I tried to find an existing topic on this subject but I could not find one that was a good fit, my apologies if I was not thorough enough.

Basically we have a web application that serves multiple clients at multiple corporations (single code base - 'forked' where necessary to accommodate different needs).

This project is a fairly new one as we previously used to make a separate copy of the project per client and maintain it individually. However now that the company is growing, we are adding more staff and also attempting to minimize the code base and relying on configurations to accommodate different needs where possible, as opposed to 'forking'.

The problem I am dealing with now is that our customer relations lady (and it would appear 99% of the rest of the team) really does not understand that changing things on the fly constantly (without due consideration for the impact thereof or the conflicts that may arise) is not the right way about doing things. I mean this completely in the sense of conflicting requirements. We are pretty good at the rest (bugs, testing, scoping etc.)

For instance; Say client X, wants a particular button red but client Y, wants the same button blue (but has possibly requested this change years after X asked for it.) Currently we just make the button blue, until X asks for it to be red again.

This is happening more regularly as our user base is growing. Even worse is when two clients in the same company want conflicting changes.

I am really just a junior developer here, but I see this problem and no one seems to be too perturbed by it, despite my constant nagging. But lately these issues have been falling into MY lap and wasting MY time.

Could anyone please suggest a way that I can try and manage these (even if just for myself).

We currently use OTRS as a client facing ticketing system (for support and requests) and VSO (TFS) for internal tasks and bugs (sometimes created as part of an OTRS request).

I administer both systems, but currently trying to find when last a request came in from a particular client to change a particular button to a particular color in version control history or tickets/emails is just not a very comprehensive nor efficient solution (also the button/color analogy is a really simplified version).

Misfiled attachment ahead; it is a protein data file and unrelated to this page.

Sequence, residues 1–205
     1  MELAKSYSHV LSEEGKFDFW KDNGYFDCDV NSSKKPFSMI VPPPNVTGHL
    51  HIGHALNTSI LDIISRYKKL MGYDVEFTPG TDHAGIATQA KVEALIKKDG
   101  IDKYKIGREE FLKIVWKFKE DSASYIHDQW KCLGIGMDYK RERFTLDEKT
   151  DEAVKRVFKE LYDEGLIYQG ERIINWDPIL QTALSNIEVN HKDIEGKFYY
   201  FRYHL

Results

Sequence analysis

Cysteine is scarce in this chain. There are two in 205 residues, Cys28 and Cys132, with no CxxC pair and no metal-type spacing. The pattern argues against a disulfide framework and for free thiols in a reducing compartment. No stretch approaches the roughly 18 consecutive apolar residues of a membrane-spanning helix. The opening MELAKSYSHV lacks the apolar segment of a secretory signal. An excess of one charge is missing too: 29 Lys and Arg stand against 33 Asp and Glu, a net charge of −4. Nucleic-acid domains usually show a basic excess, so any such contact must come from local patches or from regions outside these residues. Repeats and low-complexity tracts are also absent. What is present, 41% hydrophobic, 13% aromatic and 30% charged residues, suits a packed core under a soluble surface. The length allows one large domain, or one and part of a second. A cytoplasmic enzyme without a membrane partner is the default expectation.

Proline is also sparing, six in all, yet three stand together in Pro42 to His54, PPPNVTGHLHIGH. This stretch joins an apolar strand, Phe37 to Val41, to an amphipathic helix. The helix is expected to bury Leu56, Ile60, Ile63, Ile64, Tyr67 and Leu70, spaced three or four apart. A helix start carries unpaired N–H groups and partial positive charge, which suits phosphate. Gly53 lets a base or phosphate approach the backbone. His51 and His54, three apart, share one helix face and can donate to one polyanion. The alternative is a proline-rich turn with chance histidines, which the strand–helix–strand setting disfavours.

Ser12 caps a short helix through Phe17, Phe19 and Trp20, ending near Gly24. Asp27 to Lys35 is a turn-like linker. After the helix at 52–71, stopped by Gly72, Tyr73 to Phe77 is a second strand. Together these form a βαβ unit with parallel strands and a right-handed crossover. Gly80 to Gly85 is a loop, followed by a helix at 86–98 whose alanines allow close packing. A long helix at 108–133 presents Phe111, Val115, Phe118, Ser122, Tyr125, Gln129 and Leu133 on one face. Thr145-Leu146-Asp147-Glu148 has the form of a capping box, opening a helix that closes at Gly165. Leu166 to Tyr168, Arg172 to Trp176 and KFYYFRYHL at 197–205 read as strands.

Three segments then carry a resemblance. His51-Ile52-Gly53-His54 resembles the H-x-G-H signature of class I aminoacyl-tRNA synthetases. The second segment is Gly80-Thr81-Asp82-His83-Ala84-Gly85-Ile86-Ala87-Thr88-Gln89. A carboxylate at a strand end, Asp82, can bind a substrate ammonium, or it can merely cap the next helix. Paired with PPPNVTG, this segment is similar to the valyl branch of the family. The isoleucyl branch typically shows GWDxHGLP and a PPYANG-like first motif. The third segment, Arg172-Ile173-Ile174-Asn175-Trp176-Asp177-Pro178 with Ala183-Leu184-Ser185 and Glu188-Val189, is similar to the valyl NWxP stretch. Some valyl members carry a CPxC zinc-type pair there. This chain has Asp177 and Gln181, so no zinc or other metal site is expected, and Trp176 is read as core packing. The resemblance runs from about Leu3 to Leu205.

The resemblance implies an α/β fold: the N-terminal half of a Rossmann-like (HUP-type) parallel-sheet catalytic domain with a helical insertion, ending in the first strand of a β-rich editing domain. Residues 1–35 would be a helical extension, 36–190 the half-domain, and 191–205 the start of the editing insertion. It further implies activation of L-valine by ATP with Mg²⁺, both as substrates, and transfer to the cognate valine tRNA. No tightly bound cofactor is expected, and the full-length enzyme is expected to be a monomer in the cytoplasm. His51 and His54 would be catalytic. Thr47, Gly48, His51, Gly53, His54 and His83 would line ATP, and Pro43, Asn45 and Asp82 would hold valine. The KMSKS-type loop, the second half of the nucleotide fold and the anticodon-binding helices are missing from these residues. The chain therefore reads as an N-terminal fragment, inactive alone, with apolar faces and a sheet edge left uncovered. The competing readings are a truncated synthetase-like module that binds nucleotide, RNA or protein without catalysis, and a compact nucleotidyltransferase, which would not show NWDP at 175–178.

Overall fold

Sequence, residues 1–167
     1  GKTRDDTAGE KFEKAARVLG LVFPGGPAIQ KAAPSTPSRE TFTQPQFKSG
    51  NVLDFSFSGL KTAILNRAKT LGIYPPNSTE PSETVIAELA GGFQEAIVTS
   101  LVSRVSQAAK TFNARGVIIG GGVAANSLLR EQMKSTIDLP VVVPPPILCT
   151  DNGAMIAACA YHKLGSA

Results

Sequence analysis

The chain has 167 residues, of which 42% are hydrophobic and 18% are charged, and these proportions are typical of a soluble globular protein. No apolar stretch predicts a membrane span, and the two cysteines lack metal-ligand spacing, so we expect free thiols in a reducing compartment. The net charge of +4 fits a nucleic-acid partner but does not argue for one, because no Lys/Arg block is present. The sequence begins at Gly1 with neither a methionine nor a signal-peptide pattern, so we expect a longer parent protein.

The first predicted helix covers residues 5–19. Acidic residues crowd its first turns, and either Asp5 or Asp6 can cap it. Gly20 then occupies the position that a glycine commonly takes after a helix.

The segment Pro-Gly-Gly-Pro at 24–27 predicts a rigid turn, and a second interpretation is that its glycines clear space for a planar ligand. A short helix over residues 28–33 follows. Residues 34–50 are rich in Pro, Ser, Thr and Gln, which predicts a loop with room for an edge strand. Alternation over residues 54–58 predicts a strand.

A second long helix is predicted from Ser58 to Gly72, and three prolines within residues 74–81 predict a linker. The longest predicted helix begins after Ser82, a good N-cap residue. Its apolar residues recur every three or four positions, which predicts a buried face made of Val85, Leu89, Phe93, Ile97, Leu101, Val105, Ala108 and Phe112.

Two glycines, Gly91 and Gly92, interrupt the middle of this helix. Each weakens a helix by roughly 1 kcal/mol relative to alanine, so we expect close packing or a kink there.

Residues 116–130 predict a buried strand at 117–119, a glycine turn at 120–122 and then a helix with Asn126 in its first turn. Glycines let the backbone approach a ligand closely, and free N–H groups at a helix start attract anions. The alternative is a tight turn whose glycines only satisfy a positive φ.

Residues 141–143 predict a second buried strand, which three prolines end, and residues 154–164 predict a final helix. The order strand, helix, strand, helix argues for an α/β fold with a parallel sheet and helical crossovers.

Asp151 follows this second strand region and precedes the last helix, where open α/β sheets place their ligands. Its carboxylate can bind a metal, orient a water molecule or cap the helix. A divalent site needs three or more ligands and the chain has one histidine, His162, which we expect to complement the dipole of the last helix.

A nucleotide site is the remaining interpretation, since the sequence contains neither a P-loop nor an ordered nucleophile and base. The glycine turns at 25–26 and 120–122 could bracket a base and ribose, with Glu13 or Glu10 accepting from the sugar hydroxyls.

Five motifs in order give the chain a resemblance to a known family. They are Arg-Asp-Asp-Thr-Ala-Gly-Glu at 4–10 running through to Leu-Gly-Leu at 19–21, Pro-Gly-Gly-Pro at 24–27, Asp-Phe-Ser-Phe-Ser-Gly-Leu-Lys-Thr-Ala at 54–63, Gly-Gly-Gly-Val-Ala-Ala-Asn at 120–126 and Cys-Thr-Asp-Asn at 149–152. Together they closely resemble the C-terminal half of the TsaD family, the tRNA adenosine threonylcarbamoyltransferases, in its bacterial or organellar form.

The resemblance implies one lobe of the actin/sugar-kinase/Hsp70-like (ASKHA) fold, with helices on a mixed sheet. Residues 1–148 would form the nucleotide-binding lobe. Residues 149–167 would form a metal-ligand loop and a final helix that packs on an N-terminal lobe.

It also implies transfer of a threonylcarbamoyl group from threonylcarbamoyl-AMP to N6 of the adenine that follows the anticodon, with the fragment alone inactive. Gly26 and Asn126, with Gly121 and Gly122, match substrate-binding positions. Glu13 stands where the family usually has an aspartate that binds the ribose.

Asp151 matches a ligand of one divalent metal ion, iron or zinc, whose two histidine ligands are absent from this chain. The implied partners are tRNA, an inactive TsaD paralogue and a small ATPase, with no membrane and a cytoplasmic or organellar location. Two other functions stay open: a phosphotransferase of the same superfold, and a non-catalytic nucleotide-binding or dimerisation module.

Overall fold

I am just starting to feel like we are headed round in circles and are eventually just going to crash.

  • 1
    possible duplicate of Dealing with bad/incomplete/unclear specifications?
    – gnat
    Oct 14, 2014 at 9:17
  • Why can't you use your configuration file to deal with this button problem? I first wrote an answer to tell you to use a configuration file, then realized you already do and canceled the answer. Or is your problem more complex?
    – babou
    Oct 14, 2014 at 10:52
  • 2
    @gnat The issue is conflicting multiple specifications, rather than uncertain specification. The answers there do not seem to match this question.
    – babou
    Oct 14, 2014 at 10:56
  • @babou see meta.stackexchange.com/questions/194476/…
    – gnat
    Oct 14, 2014 at 10:57
  • 1
    @TarnAlcock Apparently the moderators want you to edit your text, and particularly the first sentence to explain why close topics did not answer your specific question. Possibly something like the comment I made regarding multiple specification vs incomplete specification. But that should be in your question, possibly with a reference to corresponding questions previously asked to show you did your homework.
    – babou
    Oct 14, 2014 at 11:03

2 Answers 2


It sounds as if your problem isn't one of unclear requirements but instead of a missing role that you need on your team. What you need is a Product Owner.

Communication is a main function of the product owner. The ability to convey priorities and empathize with team members and stakeholders are vital to steer the project in the right direction. Product owners bridge the communication gap between the team and their stakeholders. As Figure 1 shows, they serve as a proxy stakeholder to the development team and as a project team representative to the overall stakeholder community.